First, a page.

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FluxPharm licenses process for the cost-effective production of active pharmaceutical ingredients

The company FluxPharm has acquired a licence for a chemical process developed at the Max Planck Institute of Colloids and Interfaces in Potsdam. Using flow chemistry technology, the researchers at the Institute can now produce a variety of standard ingredients with much greater efficiency and more cost-effectively than with conventional methods. FluxPharm now intends to develop the technology and make it commercially available. The development of this process will boost the future production of Efavirenz, an active pharmaceutical ingredient used in the treatment of HIV. This in turn will mean that greater numbers of people in poor countries will have access to medications. The relevant negotiations with drug-producing companies are already at an advanced stage.

Picture: © monropic

Active pharmaceutical ingredients (APIs) are currently often produced using what is known as the “batch” method. With this method, all the necessary reagents are added to one container where they react with one another. However, this method of producing APIs in a “pot” is time-consuming and requires large quantities of additional chemicals.

In contrast, the flow chemistry process developed at the Max Planck Institute of Colloids and Interfaces is comparable to an assembly line system. With continuous flow, the reaction takes place while the chemicals move through the pipes or tubing of a specially designed reactor. In this way, the reactions are safer and more efficient and much smaller quantities of reagents are required. The improved chemical reaction processes also mean that a variety of standard ingredients can be produced in modular reactors. Previously, a special production facility had to be built and operated to manufacture each ingredient.

Peter Seeberger, Director at the Max Planck Institute in Potsdam, and Kerry Gilmore, Research Group Leader at the Institute and co-founder of FluxPharm, developed the technology. FluxPharm will develop the licensed technology commercially and use it in cooperation with pharma companies.

Development efforts will initially focus on the manufacture of Efavirenz, a drug used to treat the immune deficiency disorder AIDS. There is a huge need for such medications, particularly in developing efforts. The high cost of production means that there is a lack of medications for people in these countries. Negotiations with partners in South Africa, who would like to use the technology developed by FluxPharm to produce Efavirenz, are almost complete. Negotiations with other partners regarding the global production of other drugs are also currently underway.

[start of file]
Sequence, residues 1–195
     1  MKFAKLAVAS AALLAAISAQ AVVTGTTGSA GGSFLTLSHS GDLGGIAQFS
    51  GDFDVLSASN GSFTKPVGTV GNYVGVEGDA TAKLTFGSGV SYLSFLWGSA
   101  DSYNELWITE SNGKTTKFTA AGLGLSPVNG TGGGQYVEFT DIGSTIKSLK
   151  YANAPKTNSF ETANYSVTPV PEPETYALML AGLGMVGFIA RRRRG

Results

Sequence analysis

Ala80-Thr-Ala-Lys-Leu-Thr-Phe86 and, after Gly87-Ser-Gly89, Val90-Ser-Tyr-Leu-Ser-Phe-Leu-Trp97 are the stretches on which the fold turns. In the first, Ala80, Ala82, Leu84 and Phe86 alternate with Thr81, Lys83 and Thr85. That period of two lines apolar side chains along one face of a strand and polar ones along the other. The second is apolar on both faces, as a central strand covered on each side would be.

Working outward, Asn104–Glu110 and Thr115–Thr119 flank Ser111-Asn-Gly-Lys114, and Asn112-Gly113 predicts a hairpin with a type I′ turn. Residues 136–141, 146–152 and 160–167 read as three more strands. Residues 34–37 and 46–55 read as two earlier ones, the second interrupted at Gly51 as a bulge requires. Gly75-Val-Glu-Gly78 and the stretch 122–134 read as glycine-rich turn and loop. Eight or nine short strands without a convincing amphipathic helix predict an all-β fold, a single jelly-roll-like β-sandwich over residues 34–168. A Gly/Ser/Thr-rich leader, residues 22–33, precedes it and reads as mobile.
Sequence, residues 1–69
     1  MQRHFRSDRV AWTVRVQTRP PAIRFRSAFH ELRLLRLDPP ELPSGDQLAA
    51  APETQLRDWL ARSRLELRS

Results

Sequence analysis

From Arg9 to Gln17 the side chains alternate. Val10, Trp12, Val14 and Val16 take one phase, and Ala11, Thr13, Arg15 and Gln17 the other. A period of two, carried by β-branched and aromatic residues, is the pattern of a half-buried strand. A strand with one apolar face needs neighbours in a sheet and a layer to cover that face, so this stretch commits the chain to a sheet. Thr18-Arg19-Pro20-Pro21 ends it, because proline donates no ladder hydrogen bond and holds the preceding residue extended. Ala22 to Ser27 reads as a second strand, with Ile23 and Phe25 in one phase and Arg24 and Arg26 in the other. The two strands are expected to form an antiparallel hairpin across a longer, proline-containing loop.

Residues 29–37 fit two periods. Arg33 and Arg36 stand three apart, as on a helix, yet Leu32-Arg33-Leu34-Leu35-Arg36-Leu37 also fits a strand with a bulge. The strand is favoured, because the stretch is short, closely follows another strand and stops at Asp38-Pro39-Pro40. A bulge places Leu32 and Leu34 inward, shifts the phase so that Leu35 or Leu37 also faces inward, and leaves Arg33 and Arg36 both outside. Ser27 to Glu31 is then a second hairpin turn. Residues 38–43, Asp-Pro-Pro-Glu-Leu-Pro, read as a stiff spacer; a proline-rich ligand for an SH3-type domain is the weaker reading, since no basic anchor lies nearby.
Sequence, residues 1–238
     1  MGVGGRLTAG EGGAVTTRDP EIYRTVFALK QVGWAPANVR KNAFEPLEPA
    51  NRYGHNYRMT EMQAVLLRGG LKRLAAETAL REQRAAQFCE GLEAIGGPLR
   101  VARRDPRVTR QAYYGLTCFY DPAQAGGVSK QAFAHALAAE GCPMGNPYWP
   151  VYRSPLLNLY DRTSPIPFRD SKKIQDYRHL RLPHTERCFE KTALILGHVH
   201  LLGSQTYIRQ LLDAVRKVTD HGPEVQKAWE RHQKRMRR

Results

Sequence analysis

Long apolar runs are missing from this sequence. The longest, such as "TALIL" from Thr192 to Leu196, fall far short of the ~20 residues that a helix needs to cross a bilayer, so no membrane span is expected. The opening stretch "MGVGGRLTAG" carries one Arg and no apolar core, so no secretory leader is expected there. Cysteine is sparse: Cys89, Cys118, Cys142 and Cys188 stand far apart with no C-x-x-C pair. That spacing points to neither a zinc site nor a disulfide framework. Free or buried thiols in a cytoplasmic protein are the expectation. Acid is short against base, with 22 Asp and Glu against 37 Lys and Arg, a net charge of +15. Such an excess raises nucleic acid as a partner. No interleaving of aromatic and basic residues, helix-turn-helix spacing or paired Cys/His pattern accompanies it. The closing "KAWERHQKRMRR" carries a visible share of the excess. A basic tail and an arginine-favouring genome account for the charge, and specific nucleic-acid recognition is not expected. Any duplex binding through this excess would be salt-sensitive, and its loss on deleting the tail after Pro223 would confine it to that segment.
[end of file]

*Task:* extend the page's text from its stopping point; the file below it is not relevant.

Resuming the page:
The production process developed at the Potsdam-based Institute is not tailored solely to Efavirenz. The manufacture of a variety of other drugs such as lyrica, gabapentin and baclofen – used to treat anxiety disorders, epilepsy and spasticity, respectively – has also been demonstrated. Global sales of these three medications alone total around five billion euro annually. The technology is therefore potentially very promising.

“It is important that active pharmaceutical ingredients benefit people throughout the world. The new method that we have licensed at FluxPharm can reduce the production costs of medications by 25 percent or more and thus marks an important step in this direction,” says Mareike Göritz, Patent and Licence Manager with Max Planck Innovation, the technology transfer organization of the Max Planck Society.

About FluxPharm
FluxPharm GmbH was established in 2015. Headquartered in Potsdam, the company specializes in the continuous synthesis of active ingredients and other premium chemicals. The exclusively in-licensed technologies were developed at the Max Planck Institute of Colloids and Interfaces.

About the Max Planck Institute of Colloids and Interfaces

The Max Planck Institute of Colloids and Interfaces was founded in 1992. Research in colloid and interface science is widely covered by the following Departments: Biomaterials, Biomolecular Systems, Colloid Chemistry and Theory & Bio Systems, the Max Planck Research Group Mechano(bio)chemistry and the Emeritus Group (Interfaces). Current research topics are polymeric films, membranes, organic and inorganic nanostructures, microcapsules, biomineralization, nano- and microreactors, molecular motors and filaments, as well as the chemistry and biology of carbohydrates.

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